1. One Velayudam Pillai was arrested in execution of a decree and produced before the District Munsif of Cuddalore. The judgment-debtor was released under-section 55 (4), Civil Procedure Code, on his undertaking to file an insolvency petition and upon the appellants executing a security bond on 23rd January 1914. The judgment-debtor did not appear within 30 days, nor did he file an insolvency petition. The decree was transferred to the Villupuram Munsif's Court, and on the application of the decree-holder the sureties' moveables were attached. The appellants applied for the release of the properties from attachment, and this was ordered on 29th July 1914, the District Munsif being of opinion that the sureties had not undertaken to see that the judgment-debtor would present an insolvency petition within a month of the date of his release but merely to produce him in Court whenever the Court may direct. On 3rd August 1914, a notice was issued to the sureties to produce the judgment-debtor on or before 25th August 1914. They appear to have taken advantage of the presence of the judgment-debtor in Court to point him out on 18th August. The judgment-debtor was, however, allowed to go, in fact, it is said that he ' ran away' from the Court. The sureties pleaded that they were absolved from their liability as they had produced the judgment-debtor on 18th August. The District Munsif did not accept the plea which was clearly untenable, but at the same time dismissed the execution application, Execution Petition No. 679 of 1914, on the ground that the sureties' liability under the bond was confined to their producing the judgment-debtor in connection with the insolvency proceedings. The decree-holder then appealed to the District Court. The District Judge reversed the lower Court's order, holding that the sureties were liable for the judgment-debtor's non-appearance within 30 days and also for the non-production of the judgment-debtor between 8th August and 25th August.
2. The following is a translation of the material portion of the security bond: 'The plaintiff has got the defendant in the above suit arrested under a warrant for the decree amount and produced him in Court. The said defendant states that he is unable to discharge the said decree-debt and that he is putting in an insolvency petition. On whatever dates the Court may direct the defendant to appear (in Court) in connection with the above matter, the said defendant will appear in Court on all such dates. In the event of the defendant failing so to appear, We shall cause him to appear (in Court). In the event of our failing so to make him appear we shall deposit the said decree amount.' We agree with the District Judge that it is to be regretted that the District Munsif should have accepted such a loosely worded security bond, which is not in the terms of Sub-section (4) of Section 55, Civil Procedure Code. Three questions were argued by the learned Advocate-General who appeared for the appellants. He contended (1) that the security bond, not being in accordance with the terms of Section 55 (4), Civil Procedure Code, the sureties cannot be held to be liable; (2) that inasmuch as the judgment-debtor was not called upon to appear before the Court, the ancillary obligation which rested upon the sureties to produce him had not yet arisen; (3) that the execution proceedings having been closed, the sureties were no longer liable.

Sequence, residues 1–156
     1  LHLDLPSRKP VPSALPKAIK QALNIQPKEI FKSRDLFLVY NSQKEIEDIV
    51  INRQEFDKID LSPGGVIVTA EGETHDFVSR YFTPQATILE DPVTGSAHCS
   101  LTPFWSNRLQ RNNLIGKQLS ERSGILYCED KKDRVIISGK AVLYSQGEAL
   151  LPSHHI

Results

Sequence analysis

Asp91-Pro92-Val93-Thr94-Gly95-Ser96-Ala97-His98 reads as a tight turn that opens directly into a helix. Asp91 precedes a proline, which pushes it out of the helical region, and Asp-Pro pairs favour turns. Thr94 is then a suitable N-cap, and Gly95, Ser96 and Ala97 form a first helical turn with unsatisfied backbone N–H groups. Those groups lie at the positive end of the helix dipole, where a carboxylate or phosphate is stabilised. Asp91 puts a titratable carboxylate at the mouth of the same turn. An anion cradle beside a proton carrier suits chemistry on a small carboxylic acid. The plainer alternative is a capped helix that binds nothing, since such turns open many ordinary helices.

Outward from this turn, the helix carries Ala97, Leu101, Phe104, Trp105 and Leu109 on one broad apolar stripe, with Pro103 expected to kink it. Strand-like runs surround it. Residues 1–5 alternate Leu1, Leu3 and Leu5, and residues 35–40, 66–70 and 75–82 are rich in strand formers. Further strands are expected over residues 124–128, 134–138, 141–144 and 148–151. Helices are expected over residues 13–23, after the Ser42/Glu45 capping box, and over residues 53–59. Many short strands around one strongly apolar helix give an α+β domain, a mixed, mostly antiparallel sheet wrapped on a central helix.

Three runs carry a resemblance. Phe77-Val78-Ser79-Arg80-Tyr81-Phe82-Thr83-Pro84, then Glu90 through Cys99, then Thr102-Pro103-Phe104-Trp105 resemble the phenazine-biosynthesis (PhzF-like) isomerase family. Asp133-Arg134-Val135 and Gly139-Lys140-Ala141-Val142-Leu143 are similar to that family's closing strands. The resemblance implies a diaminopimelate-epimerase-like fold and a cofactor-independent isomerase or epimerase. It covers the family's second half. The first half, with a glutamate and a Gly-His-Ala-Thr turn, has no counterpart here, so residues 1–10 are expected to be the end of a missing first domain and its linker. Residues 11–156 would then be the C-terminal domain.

3. We are of opinion that there is no substance in objections (1) and (3) and that Section 145 (c), Civil Procedure Code, which provides that 'where any person has become liable as a surety for the payment of any money, or for the fulfilment of any condition imposed on any person, under an order of the Court in any suit or in any proceeding consequent thereon', is applicable. Section 145, Civil Procedure Code, differs in several respects from the corresponding Section 253 of the Code of 1882. The present section applies not only to security bonds for the performance of a decree but the suretyship for the restitution of property taken in execution of a decree and also to bonds for the payment of money and for the fulfilment of any condition under an order of the Court. The terms of Sub-section (c) are very wide and include, we think, a case where security is given for the production of a judgment-debtor, who is arrested in execution of a decree and who is released on furnishing security and on expressing his intention to apply to be declared an insolvent. Section 145, Civil Procedure Code, provides a summary remedy in execution for the realisation of the security in execution to the extent to which the surety has made himself personally liable. In support of his contention that the execution proceedings having been closed the liability of the sureties ceased, the Advocate-General relies on the ruling in Lalji Sahoy v. Odoya Sunderi Mitra 14 C.d 757.